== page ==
________ __________, hypersensitivity or __________ vasculitis is caused by bacteria, viruses or SLE. There is intense nutrophilic infiltration with fibrinoid necrosis and C3 deposits. This mostly affects ________ sized vessels. Microscopic Polyangitis or leukocytoclastic vasculitis small vessels
________ _________ mostly affects kidneys followed by heart and liver. It causes organ failure, skeletal muscle weakness, and kidney failure. It mostly affects ______ sizes arteries. Polyarteritis nodosa medium arteries
_________ _________ is extensive granulomas in the lung. This also can be called __________ vasculitis or ________ glomerulonephritis. It causes skin rashes, muscle pain, joint disease, mono or polyneuritis, and requires immunosuppressive therapy. Wegener Granulomatosis, necrotizing vasculitis, necrotizing glomerulonephritis
_________ (Giant Cell) _______ usually affects the temporal artery with other arteries of the head. It can affect muscles of the arm. This is most common after age __ and is more common in _______. Temporal Arteritis 50 years or older and females
____ _____ or pulseless disease mainly affects the aorta, pulomary artery, and major branches. It has a genetic predisposition. Occular disturbances, such as blindness, retinal atrophy or retinal hemorrhages are common. No pulse in ___ ____. Age and sex? Takaysu Arteritis no pulse in upper limbs under 40 females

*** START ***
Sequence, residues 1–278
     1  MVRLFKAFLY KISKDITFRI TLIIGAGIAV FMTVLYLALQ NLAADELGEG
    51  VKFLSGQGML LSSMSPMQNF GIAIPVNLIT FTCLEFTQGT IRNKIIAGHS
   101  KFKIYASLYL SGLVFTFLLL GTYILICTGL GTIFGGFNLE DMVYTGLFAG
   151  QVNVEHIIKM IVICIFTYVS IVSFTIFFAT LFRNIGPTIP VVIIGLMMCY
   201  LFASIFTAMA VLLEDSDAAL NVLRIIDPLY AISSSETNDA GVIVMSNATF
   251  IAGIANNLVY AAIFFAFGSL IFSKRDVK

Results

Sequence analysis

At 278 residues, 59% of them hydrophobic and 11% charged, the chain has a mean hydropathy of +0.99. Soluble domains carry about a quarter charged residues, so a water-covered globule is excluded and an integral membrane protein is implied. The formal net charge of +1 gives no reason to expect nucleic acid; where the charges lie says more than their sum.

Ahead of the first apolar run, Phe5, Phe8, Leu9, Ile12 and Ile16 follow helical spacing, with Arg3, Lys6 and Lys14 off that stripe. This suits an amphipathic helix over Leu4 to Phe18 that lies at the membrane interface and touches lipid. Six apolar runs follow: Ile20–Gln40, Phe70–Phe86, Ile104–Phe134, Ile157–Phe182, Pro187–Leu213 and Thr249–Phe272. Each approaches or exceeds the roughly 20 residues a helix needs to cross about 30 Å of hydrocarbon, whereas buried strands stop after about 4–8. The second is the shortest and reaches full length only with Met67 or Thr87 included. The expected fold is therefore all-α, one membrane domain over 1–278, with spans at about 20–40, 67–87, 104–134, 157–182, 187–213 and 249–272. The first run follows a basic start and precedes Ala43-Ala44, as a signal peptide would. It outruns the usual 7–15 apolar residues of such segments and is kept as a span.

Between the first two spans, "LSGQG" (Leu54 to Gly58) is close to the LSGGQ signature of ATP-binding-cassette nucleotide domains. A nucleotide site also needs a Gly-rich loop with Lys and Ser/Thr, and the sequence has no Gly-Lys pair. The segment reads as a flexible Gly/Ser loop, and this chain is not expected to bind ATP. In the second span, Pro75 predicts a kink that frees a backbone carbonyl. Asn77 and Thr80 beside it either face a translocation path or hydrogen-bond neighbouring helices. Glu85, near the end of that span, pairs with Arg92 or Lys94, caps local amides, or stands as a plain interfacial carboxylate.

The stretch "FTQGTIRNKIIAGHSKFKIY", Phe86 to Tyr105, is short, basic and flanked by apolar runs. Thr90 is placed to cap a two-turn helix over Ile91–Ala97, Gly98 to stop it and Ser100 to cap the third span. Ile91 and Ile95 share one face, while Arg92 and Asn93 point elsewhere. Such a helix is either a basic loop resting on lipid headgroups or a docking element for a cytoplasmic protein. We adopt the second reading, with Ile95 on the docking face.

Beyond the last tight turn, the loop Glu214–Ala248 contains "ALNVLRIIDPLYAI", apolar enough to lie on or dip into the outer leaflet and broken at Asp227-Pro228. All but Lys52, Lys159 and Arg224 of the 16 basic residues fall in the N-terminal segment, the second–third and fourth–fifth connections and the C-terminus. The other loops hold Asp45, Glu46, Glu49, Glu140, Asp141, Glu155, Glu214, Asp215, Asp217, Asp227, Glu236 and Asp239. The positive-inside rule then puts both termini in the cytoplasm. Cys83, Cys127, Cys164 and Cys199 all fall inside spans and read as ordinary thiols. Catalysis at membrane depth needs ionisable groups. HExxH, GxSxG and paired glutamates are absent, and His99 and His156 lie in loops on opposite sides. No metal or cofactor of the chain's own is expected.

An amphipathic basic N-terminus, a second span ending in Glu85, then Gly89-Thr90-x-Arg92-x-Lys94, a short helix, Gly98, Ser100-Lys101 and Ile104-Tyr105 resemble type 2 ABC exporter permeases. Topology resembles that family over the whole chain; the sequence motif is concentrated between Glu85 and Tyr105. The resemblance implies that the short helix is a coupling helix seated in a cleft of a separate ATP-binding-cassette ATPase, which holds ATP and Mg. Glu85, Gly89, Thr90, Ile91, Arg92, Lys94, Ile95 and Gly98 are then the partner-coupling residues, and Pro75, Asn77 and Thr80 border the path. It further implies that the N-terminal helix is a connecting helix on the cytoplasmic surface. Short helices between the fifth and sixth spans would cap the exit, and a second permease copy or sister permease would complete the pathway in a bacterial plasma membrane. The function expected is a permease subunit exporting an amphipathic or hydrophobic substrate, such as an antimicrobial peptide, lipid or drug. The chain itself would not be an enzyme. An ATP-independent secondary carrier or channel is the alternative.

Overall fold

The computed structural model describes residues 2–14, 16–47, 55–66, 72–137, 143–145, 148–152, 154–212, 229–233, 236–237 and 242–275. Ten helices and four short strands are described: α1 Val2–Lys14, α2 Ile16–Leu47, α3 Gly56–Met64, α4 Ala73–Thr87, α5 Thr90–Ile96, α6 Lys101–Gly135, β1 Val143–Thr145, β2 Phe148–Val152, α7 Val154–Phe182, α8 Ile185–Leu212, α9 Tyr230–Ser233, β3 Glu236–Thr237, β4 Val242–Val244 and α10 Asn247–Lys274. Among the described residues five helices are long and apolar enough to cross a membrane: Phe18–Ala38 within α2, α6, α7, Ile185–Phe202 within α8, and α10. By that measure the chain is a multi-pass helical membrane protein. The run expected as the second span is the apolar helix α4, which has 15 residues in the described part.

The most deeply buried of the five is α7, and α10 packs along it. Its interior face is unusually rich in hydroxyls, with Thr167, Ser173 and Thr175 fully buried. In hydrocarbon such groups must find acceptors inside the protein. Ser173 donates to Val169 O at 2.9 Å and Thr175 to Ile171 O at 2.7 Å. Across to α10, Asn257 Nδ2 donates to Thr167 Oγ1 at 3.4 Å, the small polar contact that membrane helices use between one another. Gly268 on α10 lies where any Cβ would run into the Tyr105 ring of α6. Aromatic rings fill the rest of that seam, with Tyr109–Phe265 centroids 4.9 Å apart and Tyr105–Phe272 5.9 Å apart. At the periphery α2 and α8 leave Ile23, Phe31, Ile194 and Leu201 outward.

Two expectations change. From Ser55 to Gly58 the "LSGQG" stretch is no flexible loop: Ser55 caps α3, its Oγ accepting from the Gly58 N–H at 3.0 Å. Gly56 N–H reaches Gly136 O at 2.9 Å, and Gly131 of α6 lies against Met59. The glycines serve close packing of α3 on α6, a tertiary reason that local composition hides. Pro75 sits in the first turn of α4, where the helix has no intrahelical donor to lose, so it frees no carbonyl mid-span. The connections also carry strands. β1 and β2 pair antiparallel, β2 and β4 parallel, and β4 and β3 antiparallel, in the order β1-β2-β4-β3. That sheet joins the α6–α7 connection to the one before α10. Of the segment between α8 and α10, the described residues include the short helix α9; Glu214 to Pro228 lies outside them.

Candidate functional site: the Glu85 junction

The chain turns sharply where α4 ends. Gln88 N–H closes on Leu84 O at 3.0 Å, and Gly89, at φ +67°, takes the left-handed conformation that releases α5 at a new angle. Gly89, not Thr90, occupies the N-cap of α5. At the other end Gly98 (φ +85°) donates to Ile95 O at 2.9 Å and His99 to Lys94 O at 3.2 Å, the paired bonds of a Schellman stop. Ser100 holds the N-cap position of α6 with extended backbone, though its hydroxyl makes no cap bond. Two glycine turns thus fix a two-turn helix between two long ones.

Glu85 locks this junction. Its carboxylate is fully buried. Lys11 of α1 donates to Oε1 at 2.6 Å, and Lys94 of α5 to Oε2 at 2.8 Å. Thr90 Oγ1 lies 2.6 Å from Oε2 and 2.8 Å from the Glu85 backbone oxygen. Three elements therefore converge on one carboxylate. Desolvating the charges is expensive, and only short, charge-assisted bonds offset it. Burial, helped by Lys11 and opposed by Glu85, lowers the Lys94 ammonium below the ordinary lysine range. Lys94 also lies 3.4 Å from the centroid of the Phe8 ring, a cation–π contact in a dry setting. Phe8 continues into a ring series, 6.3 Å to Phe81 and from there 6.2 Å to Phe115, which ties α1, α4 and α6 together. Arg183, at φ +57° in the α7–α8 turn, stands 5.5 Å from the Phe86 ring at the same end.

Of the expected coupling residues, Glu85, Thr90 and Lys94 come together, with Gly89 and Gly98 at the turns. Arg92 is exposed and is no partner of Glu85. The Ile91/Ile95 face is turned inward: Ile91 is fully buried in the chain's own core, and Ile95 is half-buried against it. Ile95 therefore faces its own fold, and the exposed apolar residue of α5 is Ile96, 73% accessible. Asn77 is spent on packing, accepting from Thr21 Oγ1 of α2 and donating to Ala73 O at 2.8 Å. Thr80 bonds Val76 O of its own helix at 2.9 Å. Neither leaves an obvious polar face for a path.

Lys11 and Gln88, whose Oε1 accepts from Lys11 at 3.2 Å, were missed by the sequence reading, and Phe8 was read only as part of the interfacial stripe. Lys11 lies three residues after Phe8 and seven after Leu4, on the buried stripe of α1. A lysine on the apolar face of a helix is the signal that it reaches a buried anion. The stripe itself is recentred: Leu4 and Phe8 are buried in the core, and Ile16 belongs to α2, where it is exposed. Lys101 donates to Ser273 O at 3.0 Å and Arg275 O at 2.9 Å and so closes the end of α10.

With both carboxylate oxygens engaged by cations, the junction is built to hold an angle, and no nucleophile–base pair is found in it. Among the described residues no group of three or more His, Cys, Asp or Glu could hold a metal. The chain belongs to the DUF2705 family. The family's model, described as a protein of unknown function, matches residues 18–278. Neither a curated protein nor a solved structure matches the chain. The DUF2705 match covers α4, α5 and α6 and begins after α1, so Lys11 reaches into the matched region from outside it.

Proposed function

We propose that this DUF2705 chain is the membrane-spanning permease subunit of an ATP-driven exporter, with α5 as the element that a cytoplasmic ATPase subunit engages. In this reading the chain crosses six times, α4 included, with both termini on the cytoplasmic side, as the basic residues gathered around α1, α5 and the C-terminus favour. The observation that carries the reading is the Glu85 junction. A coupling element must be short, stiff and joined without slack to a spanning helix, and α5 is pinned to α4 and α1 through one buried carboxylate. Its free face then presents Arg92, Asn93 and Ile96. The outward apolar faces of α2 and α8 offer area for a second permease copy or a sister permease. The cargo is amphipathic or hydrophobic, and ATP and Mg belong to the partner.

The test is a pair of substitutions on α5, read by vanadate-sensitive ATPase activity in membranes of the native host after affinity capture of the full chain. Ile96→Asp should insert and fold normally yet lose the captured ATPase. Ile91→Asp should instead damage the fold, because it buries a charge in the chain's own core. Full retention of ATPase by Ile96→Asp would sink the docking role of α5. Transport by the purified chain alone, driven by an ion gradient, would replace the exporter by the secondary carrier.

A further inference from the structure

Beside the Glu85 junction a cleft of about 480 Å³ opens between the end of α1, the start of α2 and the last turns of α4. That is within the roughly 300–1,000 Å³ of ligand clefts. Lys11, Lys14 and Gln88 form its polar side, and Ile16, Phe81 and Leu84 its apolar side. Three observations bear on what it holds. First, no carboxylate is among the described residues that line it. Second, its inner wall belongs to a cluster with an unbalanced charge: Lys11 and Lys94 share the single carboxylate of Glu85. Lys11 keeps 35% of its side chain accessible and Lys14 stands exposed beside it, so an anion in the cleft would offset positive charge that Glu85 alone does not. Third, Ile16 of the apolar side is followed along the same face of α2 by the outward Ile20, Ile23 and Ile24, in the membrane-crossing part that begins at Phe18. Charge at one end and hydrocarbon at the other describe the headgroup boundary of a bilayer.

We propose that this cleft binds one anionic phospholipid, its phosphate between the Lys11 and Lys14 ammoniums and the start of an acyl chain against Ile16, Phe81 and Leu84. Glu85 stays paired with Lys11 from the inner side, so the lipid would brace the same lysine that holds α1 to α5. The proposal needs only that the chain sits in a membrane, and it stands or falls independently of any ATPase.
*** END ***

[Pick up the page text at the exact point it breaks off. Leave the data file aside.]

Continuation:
__________ disease is also termed mucocutaneous lymph node syndrome. 80% of patients are age __ or ____. Kawaski Disease 4 years or younger
Kawaski disease presents as an acute febrile illness with _______ of the oral mucosa and skin of the _____ and ______. ________ lymph node is also present. This causes ________ with inflammation of large and medium sized arteries with intimal thickening. erythema palms and soles Cervical lymph nodes Arteritis
20% of untreated patients with kawaski disease develop ________ complications including ______ ________ aneurysms which may rupture or may thrombose producing ________ infarction. cardiovascular complications coronary artery aneurysms myocardial infarction
_______ _________ is the most frequent cause of myocardial infarction in children. With appropriate therapy the rate of symptomatic coronary artery disease is reduced to 4%. Kawasaki Disease
__________ disease (_________ obliterans) is a disease that comes and goes. It mainly affects the tibial and radial arteries causing tingling sensations. Vascular insufficiency and ________ of the limbs may develop. Buerger disease (Thromboangitis obliterans) gangrene
________ hypertension (essential) is due to multiple pathophysiologic causitive factors. It accounts of __% of cases. Primary hypertension 95%